In all honesty, Jimi Hendrix’s Electric Ladyland was an album that was so hotly anticipated before its release that it could have been an hour of silence, and people would have bought it. At this stage in his career, Hendrix was the voice of a generation, and everybody knew it.
So, the fact that it would need some promotional stunt to get people to buy it seemed redundant. Still, the backstory for the album cover art for the third and final studio album by the Jimi Hendrix Experience is engrossing. Upon its release, it created quite the stir in the 1960s music scene.
While the album was one of the Experience’s most successful, it was also one that lead-vocalist Hendrix did not quite align with. Musically, yes, sure, the record is Hendrix through and through. But the rest of the package remained completely at the hands of the record label, and neither Hendrix nor the band was quite happy about it. The record label took over the artistic direction and left Hendrix reeling.
A prime example of this was the cover art for the album, which was probably one of the most badly handled aspects of the release. The album was originally released in the UK in 1968, with the album cover consisting of a photograph of a group of nude women on a black background. This, evidently, caused a huge commotion following its release because of its uncensored portrayal of provocative imagery. Hendrix, on the other hand, had visualised the cover completely differently and elaborately. His mistake, so to speak, was that he was a little late in getting his thoughts regarding the cover across to his record label, thereby making them take matters into their own hands.
Hendrix’s UK label, Track Records’ chief Chris Stamp, sent photographer David Montgomery to a speakeasy to conduct a photoshoot for the album. According to the book Electric Ladyland by John Perry, Stamp paid a group of 19 women to pose for the cover – £5 if they went topless and £10 if they went completely naked. The end product was, however, unimpressive and quite underwhelming in its effect. “Everyone looked great, but the picture makes us look old and tired. We were trying to look sexy, but it didn’t work out,” one of the models said in an interview, “It makes us look like a load of old tarts. It’s rotten.”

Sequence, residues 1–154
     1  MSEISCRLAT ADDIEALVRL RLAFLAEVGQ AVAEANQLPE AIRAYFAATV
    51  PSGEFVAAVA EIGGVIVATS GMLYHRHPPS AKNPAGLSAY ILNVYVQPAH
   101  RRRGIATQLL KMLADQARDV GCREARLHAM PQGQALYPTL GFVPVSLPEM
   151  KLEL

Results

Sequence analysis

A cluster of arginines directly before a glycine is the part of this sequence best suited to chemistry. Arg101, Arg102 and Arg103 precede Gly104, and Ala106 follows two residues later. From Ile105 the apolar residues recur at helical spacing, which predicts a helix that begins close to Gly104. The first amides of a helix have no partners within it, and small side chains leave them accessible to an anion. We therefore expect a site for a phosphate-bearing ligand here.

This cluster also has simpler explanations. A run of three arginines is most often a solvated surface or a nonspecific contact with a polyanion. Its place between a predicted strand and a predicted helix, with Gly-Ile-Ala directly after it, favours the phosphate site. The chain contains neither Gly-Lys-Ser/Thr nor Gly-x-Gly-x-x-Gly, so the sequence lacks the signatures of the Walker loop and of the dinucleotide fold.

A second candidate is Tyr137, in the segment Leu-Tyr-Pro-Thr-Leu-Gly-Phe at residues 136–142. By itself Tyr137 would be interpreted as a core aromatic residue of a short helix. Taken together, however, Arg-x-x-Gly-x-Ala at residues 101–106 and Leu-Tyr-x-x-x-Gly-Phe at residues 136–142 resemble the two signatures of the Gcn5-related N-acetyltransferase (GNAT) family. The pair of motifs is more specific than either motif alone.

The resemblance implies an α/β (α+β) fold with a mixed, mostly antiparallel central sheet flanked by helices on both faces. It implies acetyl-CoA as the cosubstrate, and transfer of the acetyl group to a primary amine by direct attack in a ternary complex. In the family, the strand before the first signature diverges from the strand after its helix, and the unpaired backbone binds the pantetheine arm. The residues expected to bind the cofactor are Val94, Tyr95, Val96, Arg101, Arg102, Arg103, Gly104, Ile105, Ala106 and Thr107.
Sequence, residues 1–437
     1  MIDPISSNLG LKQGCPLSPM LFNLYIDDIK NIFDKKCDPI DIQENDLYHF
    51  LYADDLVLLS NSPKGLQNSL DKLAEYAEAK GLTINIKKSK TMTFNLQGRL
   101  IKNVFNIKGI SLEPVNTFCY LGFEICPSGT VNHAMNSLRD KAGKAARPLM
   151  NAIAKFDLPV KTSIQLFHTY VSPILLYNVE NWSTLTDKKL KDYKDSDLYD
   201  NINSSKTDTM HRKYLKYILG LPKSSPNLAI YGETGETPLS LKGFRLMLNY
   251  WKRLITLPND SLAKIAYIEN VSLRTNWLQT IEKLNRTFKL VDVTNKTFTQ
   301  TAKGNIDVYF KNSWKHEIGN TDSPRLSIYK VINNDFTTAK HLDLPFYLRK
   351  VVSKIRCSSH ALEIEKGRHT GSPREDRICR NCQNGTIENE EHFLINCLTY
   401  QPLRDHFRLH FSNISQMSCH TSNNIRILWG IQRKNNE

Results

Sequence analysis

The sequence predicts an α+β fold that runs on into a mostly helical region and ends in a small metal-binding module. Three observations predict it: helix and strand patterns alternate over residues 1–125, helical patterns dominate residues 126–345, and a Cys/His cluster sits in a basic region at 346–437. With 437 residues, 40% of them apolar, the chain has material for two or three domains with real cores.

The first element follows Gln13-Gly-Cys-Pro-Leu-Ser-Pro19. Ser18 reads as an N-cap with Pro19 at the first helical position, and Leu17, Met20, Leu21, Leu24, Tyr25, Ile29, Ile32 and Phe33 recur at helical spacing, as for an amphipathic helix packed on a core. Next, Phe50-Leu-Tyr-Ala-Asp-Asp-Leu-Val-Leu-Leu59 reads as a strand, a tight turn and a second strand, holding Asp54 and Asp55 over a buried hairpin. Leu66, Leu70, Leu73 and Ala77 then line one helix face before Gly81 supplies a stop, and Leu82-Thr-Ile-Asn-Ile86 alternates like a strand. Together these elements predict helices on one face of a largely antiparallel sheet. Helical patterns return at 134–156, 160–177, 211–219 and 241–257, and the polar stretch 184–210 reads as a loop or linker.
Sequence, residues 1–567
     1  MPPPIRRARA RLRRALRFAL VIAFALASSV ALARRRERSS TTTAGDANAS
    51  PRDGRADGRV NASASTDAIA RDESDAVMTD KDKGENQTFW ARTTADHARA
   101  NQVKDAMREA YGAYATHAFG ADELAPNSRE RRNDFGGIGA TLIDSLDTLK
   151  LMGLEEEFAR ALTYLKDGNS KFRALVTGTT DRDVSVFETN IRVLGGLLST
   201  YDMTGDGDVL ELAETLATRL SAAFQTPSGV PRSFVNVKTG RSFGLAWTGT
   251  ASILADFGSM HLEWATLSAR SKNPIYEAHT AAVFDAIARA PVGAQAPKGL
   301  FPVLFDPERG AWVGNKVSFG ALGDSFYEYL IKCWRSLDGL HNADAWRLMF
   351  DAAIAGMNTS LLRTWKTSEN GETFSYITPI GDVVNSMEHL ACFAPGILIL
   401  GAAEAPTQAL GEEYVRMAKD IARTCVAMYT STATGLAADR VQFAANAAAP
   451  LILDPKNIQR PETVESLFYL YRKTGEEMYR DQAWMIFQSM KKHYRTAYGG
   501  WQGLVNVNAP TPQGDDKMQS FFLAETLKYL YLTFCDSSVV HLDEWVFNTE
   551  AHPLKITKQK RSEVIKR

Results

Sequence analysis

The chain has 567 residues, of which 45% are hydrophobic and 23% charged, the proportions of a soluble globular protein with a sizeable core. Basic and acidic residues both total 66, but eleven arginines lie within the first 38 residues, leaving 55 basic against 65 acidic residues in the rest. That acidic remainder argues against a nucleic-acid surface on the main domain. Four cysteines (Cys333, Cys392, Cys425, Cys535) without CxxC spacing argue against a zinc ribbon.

While the album has gone down in history as having one of the most distinctive covers of all time, the fact remained that most people didn’t find the image attractive. This included everybody from the retailers to the critics to the audience, and even Hendrix himself. When it came to making his displeasure with the final result known, Hendrix didn’t step back. “Folks in Britain are kicking against the cover. Man, I don’t blame them,” Hendrix commented, “I wouldn’t have put this picture on the sleeve myself, but it wasn’t my decision. It’s mostly all bullshit”.
Since we’re on the topic, let’s delve a little deeper, shall we? Imagine this. You go into a record shop and find shelves full of more-or-less visually basic records and then amongst them is this record with an almost pornographic cover art standing out from the rest. That certainly does pique your interest, doesn’t it? But thinking about it critically, what is really happening here? The photo of nude women is being used as bait to make the public buy the record. A clever tactic, but an extremely problematic issue.
For starters, the intention behind using a photo of naked women for the cover was not for the sake of art, but instead, for the sake of an increased sale. Essentially what they did there was use the naked women’s body as a mode of attracting attention – a trope that has been used in popular media since the dawn of time.
Now, coming back to the Electric Ladyland cover again, we see an attempt on Hendrix’s part to portray his ideas about a possible revised cover for the release of the album in North America. Hendrix wrote a long letter to Reprise, his record label at the time, apologising for being so late in coming up with the design for the cover art and laying out how he would like the cover art to be. His original idea was to get Linda Eastman to photograph the band sitting on a sculpture from Alice in Wonderland in Central Park with kids surrounding them. He even drew pictures to portray his thoughts more accurately. But Reprise completely disregarded his requests and went on with producing an album cover of their choice – the blurry red and yellow Hendrix photo that has become quite popular now.
For Hendrix, as an artist working on the album since its inception, this lack of control over his own work must have been quite frustrating. Over time, however, he made his peace with it. The album cover, too, despite being initially shunned by both the artist and the public, went on to become one of the most popular cover arts of all time.